But I also have a son who came to a parting of the ways with a child care center at about age 4. He did things like taking the toys off of the shelves, not respecting other children’s toys. I was glad to leave–things were not going well. And I would say that he has always been a child with more intensive supervision needs and I understand (believe me I understand) how tiring this can be. It frequently wasn’t the particular things that he did (although he had his own particularly creative response to the world as well) as just the constancy of ALWAYS doing something.

    We have got to beef up our commitment to finding ways to care for the needs of all the kids–even the tough ones. They are so interesting.

  2. I don’t have an opinion about whether he should have been kicked out or not (because I don’t know the details of his history at the school), but it sounds as though the problem is with his parents. If the father thinks it’s acceptable for kids “to run around and be up when adults want them to be quiet,” it seems as though he doesn’t understand that a child has to be trained NOT to do what comes naturally. Yes, it is normal for a child to WANT to do what he wants all the time, but it’s the job of responsible parents to teach children to be controlled, first by adults and later by themselves. A kid who is justified when he just follows his instincts is a kid who’s later going to have trouble with lack of self-control.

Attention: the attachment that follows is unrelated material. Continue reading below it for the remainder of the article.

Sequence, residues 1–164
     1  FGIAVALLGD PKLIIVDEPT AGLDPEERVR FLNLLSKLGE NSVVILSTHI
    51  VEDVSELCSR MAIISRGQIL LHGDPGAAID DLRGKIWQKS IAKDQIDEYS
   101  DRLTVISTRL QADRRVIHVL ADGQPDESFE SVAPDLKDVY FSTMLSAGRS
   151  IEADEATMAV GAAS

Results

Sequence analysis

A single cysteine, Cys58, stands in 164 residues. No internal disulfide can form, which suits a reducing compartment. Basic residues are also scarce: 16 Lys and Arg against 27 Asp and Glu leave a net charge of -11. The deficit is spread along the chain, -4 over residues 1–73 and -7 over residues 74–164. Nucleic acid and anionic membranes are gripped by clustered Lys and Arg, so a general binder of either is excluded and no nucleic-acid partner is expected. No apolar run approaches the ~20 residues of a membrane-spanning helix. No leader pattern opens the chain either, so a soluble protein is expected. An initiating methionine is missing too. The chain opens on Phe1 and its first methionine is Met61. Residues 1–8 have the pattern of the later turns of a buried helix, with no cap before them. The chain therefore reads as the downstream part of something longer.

3. Robert Wright says:

    Normal to sock a child in the face and make his nose bleed?

    Sure it’s normal–when nobody is around telling you it’s wrong.

    Lower standards low enough and it eliminates all bad behavior. By definition.

  4. Sounds like a perfectly normal Klingon child. He sounds like many of the kids I grew up with. Most of us grew up OK.

  5. Sounds like…a boy. I grew up playing with boys–in sandboxes, on swingsets daring one another to jump, or otherwise just being active. They were more fun than playing with the other little girls who just wanted to play house, or tea party, or other (quiet) things. Girls are ideal for preschools–they’re predisposed to be more quiet and better behaved than boys of the same age.

  6. Charles R. Williams says:

    It seems the boy is in day-care and not preschool. Maybe he needs to be home with his mother instead of being “institutionalized” as he has been for the last three years. They say day-care can lead to more aggressive behavior.

  7. Margo/Mom says:

    David M.

    I wonder how old your sons were when you could be certain that any time they left the house they would do everything adults told them, never run when they were supposed to walk, always be quiet at nap time, oh, and never fight over toys. And how do you train then to make this happen?

  8. Catch Thirty-Three says:


    My response, based on your history of posts, will make you extremely squeamish.

    How do you train boys to make that happen?

    A belt worked for me…

  9. Margo/Mom says:

    C33–and had you accomplished this feat and in this manner by the time they were of day care age (say age 3-4)?